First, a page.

I've realized the only way to make more progress is to focus on one project. There are two ways to do this. One is focusing on an identified new branch (or a branch you want to make progress on).

With the 4 Buckets Technique, I can also focus on an adjacent branch and grow a sub-bucket to help exclude those matches from the initial project. Since I'm interested in all these unknown branches in the maternal side, I'm happy to do either. Sometimes when you get stuck it's necessary to do the latter (work on an adjacent branch).

GMP can now help me sub-bucket faster and more efficiently. The whole idea with the 4 Buckets Technique is you catch cases where there are multiple shared ancestors so you don't waste time chasing the wrong lead.

 It is possible my great-aunt's maternal side is even more inter-related than her paternal side (which I know has a lot of intermarriage among matches in addition to the 2nd cousins that married in our tree).

This new feature in GMP makes it much easier to investigate this and hopefully determine what is going on. I haven't had enough time to use it to say whether I'll make an actual breakthrough (without employing lots of other tools or finding a paper-trail answer).

This new feature is similar to how auto-cluster tools work. However, it allows you to control what you're looking at. It also won't fall pray to problems due to multiple shared relationship (your analysis can still run into the pitfall but I like this starting point much better).

For southerners, this is a huge deal, a game-changer.

In a nutshell


You can now use GMP to work with your AncestryDNA data in a similar way I do the 4 Buckets Technique.

  • You can do analysis not possible at AncestryDNA.
  • You can focus on a project instead of being inundated with too much data (as auto-cluster tools do).
  • You can work with sub-buckets (or sub-clusters) without causing matches to be excluded from additional sub-buckets they belong to (which is what happens with graphical auto-clustering).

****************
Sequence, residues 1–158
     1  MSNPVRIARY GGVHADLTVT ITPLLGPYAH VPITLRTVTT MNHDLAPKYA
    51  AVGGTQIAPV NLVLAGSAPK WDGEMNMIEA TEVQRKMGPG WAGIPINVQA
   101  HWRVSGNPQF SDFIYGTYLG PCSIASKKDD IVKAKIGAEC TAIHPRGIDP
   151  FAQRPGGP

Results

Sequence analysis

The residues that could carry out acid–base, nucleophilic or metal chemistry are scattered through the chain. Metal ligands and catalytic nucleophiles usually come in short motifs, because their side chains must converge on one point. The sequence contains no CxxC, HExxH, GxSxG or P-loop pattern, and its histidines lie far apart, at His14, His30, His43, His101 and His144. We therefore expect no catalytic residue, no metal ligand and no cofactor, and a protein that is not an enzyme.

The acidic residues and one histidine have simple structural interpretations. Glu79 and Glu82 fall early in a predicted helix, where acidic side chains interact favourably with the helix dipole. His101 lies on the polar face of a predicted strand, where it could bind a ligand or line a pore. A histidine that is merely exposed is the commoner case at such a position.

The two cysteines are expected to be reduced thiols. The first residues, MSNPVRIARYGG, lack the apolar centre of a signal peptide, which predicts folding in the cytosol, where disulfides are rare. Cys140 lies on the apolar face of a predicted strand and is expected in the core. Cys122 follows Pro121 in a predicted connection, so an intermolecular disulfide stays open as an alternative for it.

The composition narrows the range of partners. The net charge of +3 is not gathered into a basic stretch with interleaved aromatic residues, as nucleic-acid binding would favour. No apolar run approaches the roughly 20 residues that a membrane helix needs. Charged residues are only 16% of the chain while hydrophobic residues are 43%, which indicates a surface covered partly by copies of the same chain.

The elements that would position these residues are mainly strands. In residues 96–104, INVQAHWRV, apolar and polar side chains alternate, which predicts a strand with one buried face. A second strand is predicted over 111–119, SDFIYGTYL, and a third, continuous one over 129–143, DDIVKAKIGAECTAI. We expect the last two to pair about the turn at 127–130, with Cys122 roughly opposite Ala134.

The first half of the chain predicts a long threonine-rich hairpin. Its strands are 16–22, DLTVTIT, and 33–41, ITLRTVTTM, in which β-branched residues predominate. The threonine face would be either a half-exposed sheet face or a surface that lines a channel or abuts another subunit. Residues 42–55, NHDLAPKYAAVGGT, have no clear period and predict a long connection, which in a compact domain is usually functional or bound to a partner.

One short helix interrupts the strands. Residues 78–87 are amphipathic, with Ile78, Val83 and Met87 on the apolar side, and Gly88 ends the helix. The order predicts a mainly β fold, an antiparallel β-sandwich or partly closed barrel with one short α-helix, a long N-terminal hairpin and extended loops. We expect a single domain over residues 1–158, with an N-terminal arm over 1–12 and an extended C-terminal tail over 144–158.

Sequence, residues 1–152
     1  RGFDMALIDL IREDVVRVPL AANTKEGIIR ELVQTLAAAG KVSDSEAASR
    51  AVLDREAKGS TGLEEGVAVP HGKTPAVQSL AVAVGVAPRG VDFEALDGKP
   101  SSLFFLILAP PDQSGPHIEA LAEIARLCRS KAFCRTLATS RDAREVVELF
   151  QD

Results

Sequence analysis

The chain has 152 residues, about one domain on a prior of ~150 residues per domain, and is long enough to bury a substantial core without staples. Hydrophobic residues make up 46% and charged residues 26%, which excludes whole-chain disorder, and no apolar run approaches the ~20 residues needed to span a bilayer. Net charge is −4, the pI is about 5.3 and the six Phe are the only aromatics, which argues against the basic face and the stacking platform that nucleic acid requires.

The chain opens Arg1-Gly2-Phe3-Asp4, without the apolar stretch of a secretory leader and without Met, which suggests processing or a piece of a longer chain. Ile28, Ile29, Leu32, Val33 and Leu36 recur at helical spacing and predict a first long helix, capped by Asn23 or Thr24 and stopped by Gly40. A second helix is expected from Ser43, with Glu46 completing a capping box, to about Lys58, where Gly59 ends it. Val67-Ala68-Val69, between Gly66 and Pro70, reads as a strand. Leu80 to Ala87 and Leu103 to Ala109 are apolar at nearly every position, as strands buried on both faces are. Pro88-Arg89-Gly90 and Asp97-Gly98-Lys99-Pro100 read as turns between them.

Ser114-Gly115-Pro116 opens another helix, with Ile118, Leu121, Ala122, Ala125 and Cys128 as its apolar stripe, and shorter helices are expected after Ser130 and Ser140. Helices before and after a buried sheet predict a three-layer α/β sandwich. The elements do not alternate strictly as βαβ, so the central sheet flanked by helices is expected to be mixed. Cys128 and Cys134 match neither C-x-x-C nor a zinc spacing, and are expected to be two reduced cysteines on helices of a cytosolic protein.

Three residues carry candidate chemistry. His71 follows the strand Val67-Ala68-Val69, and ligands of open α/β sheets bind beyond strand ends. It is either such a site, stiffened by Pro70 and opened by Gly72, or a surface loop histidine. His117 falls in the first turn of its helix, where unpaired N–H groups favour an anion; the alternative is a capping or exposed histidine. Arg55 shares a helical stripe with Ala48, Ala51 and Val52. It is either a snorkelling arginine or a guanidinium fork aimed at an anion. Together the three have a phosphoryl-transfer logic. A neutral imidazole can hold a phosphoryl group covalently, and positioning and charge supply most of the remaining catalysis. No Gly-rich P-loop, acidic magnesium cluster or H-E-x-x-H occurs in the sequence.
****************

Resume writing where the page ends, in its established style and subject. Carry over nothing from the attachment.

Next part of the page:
Get Started


If you're concerned about multiple shared ancestors or have been overwhelmed using auto-clustering but like the concept, here's how to use this new GMP feature to get started with your AncestryDNA results.

  • Pick a project to focus on, preferably one where you've already identified a number of AncestryDNA matches as belonging to that project. Remember, you can work on an adjacent branch (or when you get started, any branch) to help exclude matches from other sub-buckets. You want to start where you have information.
  • Get your AncestryDNA data into GMP. Make sure it is up to date with matches you need for your project (it does not have to be up to date if you don't have any new matches for the project of interest but you will want to update it at some point).
  • Use the new analysis tool (explained in Becky's blog post about the new GMP update).
  • Make sure you first use the "Show Ancestry ICW" before the "Mutually ICW" option (the first is under the "Display" menu, the second under "Analysis Tools").

First, display your Ancestry shared matches
  • How many relatives you add to the Mutually ICW option is up to you.
  • Use your notes or "Family Group" to tell what's going on.
  • Update the notes/Family Group to get better and better results.
You can perform this on the Relative List or the DNA Comparison page. The DNA Comparison page is chromosome-focused and gives you a smaller display area so I'll stick with the Relative List, for now.

One of my "complaints" about GMP is the set-up of the Family Group field. This is where I get the most help for my AncestryDNA matches but it currently requires manual entry.

I'd like this to eventually have the option to update from my Ancestry groups (this first requires that info to be downloadable in a format GMP can accept which currently isn't even an option).

Most likely this would require a custom import template since not everyone uses the groups the same way but I know I could easily set that up for my own system, assuming I had the correct options to upload the info into GMP (i.e. I can set-up a csv to fit what I'd want to upload, but I can't alter what GMP will accept/which fields I'm allowed to import into).

Manually updating the Family Group is one advantage of working with a small number of matches identified in this process. I hate trying to do this for a ton of matches but when I'm going to get a use out of it right now, I'm much happier doing manual data entry.

Remember, you have a link in GMP to the Ancestry match page for each match if you need to refer to AncestryDNA's info (such as seeing what groups you've assigned to that match).

So there's (a lot more than I thought it'd be) about GMP and it's new Ancestry DNA analysis feature.

Let me know if you have questions. This is so new it's hard for me to give good examples. I'm used to working with my groups so I can see how helpful this feature is but talking about it generically isn't easy, yet. You can leave a comment or use the "Contact Me" form.

Now I'm going to get back to working with this new feature!